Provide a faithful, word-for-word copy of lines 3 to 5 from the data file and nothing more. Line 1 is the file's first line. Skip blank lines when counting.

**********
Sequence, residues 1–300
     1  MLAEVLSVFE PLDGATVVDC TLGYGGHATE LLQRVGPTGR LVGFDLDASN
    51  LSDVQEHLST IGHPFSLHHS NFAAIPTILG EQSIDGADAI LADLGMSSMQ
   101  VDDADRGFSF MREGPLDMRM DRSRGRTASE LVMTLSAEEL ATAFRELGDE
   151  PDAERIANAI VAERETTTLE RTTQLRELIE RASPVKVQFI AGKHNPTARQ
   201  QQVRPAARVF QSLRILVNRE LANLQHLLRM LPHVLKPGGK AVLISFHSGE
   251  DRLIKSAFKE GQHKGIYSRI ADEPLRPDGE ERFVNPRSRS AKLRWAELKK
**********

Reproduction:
    51  LSDVQEHLST IGHPFSLHHS NFAAIPTILG EQSIDGADAI LADLGMSSMQ
   101  VDDADRGFSF MREGPLDMRM DRSRGRTASE LVMTLSAEEL ATAFRELGDE
   151  PDAERIANAI VAERETTTLE RTTQLRELIE RASPVKVQFI AGKHNPTARQ